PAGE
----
Tips: Mixing international and local students in group activities requires a clear purpose, which also needs to be well communicated to all students4. For example, there could be a linkage between the group tasks and the cultural related learning outcomes.
  4. Developing Global Citizenship
    • Developing students’ understanding of the requirements of professional practice and citizenship
    • Presenting students with global challenges and engaging them to discuss how these challenges are interrelated and will impact on their professional and personal lives
    • Providing students with opportunities to interact with the local community and encouraging them to care about, and contribute to the community
    • Developing students a sense of personal responsibilities to the public
    Example from the literature: A comparative cultural study requiring international and local students to work collaboratively was implemented in a compulsory culture course for international students in Hong Kong Institute of Education (now the Education University of Hong Kong). Students were grouped in pairs or small groups with mixed cultural backgrounds to examine a local cultural issue. The group tasks involved studying local artefacts and conducting field-based research5.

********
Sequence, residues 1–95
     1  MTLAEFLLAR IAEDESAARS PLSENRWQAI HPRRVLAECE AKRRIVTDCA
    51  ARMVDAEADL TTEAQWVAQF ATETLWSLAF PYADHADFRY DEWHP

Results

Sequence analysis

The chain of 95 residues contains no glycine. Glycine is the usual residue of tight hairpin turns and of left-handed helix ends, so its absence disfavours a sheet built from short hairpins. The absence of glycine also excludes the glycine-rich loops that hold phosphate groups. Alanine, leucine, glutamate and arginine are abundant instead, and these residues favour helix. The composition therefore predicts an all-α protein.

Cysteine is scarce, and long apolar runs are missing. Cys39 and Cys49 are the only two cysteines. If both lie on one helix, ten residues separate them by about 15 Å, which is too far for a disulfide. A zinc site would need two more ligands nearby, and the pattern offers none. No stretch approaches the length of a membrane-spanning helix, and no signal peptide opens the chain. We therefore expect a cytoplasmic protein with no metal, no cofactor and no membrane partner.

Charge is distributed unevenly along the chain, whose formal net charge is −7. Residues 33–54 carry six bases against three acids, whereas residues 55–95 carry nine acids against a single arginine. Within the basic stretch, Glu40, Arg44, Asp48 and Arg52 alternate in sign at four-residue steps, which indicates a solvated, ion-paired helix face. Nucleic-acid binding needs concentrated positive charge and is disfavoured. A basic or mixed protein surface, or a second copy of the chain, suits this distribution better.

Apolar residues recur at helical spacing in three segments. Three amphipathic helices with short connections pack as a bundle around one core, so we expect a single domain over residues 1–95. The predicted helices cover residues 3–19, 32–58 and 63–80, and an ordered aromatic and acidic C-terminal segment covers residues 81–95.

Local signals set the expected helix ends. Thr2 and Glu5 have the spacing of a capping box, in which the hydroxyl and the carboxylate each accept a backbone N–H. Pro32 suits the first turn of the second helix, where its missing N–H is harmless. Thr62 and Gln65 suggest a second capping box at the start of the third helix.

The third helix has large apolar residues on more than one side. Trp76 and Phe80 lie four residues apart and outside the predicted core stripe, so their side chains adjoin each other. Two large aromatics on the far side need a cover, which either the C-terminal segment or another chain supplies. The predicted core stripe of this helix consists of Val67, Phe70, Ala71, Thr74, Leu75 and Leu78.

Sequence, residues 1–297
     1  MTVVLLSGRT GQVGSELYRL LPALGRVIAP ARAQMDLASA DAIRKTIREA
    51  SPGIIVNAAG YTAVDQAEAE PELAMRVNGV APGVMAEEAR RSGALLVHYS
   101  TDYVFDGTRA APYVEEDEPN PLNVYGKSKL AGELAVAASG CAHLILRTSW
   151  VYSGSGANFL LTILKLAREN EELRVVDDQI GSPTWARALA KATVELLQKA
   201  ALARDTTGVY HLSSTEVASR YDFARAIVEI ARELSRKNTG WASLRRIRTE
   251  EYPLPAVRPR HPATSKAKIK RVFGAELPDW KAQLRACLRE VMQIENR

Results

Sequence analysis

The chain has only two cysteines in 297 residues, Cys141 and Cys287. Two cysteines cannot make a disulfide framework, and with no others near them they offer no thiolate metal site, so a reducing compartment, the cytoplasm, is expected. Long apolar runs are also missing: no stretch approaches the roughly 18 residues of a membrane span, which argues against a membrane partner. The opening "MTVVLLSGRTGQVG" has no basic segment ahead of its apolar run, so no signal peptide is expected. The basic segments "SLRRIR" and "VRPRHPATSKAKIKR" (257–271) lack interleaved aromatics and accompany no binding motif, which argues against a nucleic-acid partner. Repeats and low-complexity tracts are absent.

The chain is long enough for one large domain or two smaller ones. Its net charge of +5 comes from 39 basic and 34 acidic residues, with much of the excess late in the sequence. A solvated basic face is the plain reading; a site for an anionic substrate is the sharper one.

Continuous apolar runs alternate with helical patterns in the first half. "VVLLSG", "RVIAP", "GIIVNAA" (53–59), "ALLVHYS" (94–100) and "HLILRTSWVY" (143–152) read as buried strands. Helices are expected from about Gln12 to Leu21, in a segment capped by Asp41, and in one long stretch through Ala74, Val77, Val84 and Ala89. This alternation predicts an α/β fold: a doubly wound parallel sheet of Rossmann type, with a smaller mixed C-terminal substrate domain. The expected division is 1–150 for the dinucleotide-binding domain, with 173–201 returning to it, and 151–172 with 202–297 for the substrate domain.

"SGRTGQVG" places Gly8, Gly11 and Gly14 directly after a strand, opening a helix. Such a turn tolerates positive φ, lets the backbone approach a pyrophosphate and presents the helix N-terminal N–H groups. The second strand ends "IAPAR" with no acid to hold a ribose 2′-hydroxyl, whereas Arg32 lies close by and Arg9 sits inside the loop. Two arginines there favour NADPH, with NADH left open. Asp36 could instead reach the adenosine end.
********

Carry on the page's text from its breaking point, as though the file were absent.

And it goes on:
5. Promoting Critical Thinking and Deep Inquiry
    • Acknowledging different interpretations and traditions of critical thinking and deep inquiry
    • Explaining the meaning of critical thinking and inquiry skills required in the discipline with examples
    • Encouraging students to explore alternatives and challenge existing solutions Designing diversified assessment methods and providing feedback during different stages